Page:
Tyler Cowen praises Bryan Caplan’s new book The Myth of the Rational Voter, but bothers to "outline residual points of disagreement":
I’m amazed that the public is as rational and smart as it is. Few people demand that our leaders resort, say, to the tools of superstition, even though many people believe in astrology. Our political irrationality is highly selective and self-serving in a "feel good about ourselves" way, rather than indiscriminate. I don’t understand what, in Bryan’s theory, prevents voters from satiating in irrationality, with truly dire social consequences. He writes of "a demand for irrationality" in stripped down Beckerian fashion, but the model in the back of his mind has a great more structure in it than the book lets on. The sheep on the cover, for instance, do not play a formal role in the model of the book, even though conformism both eggs on and constrains real world political irrationality.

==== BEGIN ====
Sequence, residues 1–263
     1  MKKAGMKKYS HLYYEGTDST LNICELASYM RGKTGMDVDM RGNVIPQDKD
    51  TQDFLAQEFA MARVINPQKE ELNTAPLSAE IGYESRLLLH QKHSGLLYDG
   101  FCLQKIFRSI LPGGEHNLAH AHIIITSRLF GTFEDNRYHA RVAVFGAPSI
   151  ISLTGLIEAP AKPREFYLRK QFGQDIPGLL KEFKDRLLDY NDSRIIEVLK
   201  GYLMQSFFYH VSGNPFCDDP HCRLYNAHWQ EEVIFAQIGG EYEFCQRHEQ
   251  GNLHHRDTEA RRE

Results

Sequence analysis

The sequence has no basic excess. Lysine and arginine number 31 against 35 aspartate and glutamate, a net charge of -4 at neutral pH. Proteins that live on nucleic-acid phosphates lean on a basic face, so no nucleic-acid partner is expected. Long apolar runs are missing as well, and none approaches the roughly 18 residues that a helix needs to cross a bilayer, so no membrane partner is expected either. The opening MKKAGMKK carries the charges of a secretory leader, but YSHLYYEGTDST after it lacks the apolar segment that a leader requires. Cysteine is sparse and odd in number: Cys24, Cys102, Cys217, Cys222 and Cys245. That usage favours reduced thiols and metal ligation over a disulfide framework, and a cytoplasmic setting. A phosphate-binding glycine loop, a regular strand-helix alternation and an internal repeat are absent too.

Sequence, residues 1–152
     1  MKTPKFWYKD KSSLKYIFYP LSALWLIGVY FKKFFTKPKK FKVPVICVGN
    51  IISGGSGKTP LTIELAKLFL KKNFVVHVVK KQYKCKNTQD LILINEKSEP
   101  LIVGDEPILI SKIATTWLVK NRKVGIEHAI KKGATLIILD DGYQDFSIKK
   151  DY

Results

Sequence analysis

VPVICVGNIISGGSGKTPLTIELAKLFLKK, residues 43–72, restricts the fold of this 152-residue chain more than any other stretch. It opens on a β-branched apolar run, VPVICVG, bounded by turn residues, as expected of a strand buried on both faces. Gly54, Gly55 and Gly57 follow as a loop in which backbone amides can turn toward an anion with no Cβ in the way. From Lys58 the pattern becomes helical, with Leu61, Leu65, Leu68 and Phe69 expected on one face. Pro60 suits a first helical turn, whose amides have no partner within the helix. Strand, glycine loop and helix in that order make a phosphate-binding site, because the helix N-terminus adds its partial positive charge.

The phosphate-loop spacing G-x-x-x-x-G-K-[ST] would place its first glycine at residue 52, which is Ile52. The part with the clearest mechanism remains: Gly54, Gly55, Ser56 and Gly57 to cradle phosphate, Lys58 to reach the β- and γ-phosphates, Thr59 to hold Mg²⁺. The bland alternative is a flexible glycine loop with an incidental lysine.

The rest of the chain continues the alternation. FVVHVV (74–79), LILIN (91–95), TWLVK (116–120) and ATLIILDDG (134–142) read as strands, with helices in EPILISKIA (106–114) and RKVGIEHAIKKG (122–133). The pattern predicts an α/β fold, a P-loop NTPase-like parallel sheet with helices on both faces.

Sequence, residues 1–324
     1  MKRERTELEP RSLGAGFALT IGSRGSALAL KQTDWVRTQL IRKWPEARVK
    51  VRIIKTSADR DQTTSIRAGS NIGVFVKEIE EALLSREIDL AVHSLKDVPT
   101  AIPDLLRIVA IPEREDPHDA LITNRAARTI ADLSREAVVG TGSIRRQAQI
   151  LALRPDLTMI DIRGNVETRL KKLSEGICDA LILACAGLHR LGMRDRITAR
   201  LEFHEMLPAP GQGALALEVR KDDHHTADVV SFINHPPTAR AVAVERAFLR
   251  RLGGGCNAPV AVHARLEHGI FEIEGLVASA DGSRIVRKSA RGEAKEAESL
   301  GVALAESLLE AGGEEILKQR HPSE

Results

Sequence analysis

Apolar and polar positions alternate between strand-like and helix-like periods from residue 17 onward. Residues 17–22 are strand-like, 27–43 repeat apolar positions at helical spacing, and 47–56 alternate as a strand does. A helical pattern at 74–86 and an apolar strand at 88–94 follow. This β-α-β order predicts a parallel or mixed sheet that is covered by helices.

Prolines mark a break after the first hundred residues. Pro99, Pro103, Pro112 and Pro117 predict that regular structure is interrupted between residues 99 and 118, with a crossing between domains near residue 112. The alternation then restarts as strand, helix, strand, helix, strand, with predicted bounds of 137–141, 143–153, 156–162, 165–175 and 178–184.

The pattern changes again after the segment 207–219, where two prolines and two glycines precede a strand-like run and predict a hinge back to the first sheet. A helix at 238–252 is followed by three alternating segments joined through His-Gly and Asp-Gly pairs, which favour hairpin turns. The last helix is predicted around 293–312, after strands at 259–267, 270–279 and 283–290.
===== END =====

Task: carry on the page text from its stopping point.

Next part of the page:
What makes Tyler so sure he is so rational? Tyler is puzzled to see a high correlation between his own views and the supposedly irrational views of the public. But Bryan’s theory is perfectly consistent with high correlations across people in their irrational political views; Bryan doesn’t predict such views are independent and irrational, just irrational. Conditional on Bryan’s theory, Tyler does not have a good reason to assume that his own political views are a good proxy for rational views.
Maybe the political world we live in is a world of truly dire social consequences, relative to the world we would have with rational voters.